F.Mason The British Fighter since 1912 (Putnam)
Grahame-White Type 21
Clearly representing an attempt to refine the Type 20, the Grahame-White Type 21 appeared early in April 1917, powered by an 80hp Le Rhone engine driving a four-blade propeller. Most readily visible change was the use of I-form interplane and cabane struts with prominent spacer fairings at their extremities.
In almost every respect, however, the design differed in detail; the fuselage, instead of being formed to almost circular section, was a plain, flat-sided, wooden box-girder, only faired with rounded top decking; the fin and rudder were enlarged , although the latter was now no longer balanced; the front pair of undercarriage struts was mounted further forward - directly behind the engine, and a small, faired headrest was incorporated immediately aft of the cockpit. The previous design’s large wing gap was retained, as was the unusually large number of bracing wires.
In all likelihood the wings were of reduced thickness, for the Type 21 returned a speed of 107 mph at sea level, a not unreasonable performance on only 80 horsepower, although there is no evidence that any armament was ever carried.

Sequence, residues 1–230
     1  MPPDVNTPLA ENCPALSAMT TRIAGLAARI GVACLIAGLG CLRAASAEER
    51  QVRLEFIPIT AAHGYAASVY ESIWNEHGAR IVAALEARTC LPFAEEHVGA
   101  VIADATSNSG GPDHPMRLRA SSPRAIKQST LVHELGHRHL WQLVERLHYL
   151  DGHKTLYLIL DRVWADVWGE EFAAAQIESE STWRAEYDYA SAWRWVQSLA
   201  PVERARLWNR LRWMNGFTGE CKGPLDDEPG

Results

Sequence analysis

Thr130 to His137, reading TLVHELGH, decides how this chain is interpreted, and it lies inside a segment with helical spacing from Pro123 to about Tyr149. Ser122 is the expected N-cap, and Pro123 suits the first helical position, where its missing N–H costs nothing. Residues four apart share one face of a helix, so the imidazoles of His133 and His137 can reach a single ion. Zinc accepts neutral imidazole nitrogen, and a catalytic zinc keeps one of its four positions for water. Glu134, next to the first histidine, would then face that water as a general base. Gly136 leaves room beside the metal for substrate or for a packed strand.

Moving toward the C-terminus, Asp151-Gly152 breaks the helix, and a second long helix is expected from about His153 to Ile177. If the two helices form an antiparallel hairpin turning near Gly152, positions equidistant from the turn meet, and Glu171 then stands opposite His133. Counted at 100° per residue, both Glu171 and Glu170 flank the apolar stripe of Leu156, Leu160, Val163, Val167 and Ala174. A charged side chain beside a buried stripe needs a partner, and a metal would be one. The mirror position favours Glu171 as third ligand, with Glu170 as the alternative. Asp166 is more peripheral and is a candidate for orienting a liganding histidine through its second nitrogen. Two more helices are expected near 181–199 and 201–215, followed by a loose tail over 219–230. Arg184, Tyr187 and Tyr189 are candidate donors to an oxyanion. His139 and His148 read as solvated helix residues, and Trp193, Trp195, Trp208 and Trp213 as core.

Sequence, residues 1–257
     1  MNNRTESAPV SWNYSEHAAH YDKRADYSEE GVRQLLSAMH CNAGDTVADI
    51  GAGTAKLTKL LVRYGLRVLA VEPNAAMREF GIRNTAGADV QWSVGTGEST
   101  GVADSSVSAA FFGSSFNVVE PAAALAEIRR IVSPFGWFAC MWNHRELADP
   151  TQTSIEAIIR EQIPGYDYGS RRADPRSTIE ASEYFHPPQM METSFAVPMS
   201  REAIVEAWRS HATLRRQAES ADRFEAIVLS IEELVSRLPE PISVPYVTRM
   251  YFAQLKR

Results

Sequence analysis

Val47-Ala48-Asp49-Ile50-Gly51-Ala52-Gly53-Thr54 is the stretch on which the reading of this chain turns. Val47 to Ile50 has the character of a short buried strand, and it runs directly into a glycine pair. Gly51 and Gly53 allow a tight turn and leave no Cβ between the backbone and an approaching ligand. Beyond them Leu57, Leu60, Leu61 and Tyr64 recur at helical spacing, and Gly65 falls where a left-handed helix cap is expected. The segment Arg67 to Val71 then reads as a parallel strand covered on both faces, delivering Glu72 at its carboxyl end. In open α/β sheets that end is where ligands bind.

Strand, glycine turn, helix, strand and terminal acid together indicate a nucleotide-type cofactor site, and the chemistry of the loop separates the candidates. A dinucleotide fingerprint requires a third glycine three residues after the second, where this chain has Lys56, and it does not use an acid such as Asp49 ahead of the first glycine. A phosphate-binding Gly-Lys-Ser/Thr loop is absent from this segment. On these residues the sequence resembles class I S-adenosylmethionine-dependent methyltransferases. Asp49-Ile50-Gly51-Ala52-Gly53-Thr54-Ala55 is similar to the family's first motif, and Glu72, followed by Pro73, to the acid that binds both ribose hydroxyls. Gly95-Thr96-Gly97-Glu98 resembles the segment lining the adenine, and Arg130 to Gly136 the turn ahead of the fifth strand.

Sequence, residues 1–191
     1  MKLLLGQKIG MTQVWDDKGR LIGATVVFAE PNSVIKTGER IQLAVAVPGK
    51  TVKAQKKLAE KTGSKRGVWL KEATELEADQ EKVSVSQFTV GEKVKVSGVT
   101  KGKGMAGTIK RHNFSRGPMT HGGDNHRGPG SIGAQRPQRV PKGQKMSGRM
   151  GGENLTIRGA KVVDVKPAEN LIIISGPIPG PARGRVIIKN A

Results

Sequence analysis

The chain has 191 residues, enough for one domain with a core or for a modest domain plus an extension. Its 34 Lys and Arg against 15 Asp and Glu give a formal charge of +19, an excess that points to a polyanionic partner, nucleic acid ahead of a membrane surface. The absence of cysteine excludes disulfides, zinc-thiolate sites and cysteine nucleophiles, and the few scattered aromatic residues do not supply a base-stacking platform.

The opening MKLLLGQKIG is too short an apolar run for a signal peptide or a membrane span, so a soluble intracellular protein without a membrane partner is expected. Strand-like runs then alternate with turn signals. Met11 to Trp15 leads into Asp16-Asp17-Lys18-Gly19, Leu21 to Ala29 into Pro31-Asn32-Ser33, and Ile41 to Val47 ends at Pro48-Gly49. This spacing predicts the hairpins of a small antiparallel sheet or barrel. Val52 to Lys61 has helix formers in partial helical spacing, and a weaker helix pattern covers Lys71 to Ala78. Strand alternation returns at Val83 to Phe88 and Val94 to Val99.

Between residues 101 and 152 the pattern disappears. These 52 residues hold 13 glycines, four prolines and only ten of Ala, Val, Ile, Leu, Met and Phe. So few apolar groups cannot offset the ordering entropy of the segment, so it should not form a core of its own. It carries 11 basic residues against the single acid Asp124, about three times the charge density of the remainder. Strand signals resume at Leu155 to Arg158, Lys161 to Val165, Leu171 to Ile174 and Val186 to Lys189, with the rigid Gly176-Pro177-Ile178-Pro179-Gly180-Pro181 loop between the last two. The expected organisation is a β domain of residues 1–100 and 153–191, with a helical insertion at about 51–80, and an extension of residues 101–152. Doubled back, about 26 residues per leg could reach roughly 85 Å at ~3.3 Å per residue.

There appeared to be little inherently disagreeable about the Type 21, except that it flew about a year later than other scouts of similar capabilities; and, apart from a possible training role, it could have contributed little to meeting the needs of the fighting Services.
J.Bruce British Aeroplanes 1914-1918 (Putnam)
Grahame-White Type 21
IN April, 1917, the Grahame-White company produced a second single-seat scout. This was a handsome little single-bay biplane, characterised by its “I” interplane struts and clean lines. The fuselage was faired only sufficiently to blend the circular engine cowling into the rectangular cross-section, but a top decking was fitted aft of the cockpit.
The tail-unit was more conventional and of more pleasing appearance than that of the Type 20. The mainplanes had pronounced stagger, and there were ailerons on all four wings. As in the Grahame-White Type 20, the pilot sat directly under the centre-section with the fuel tank behind him.
The care which had obviously been taken to reduce drag was well repaid, for the Grahame-White Type 2i had the remarkable speed of 107 m.p.h. on no more than 80 h.p. provided by the Le Rhone engine.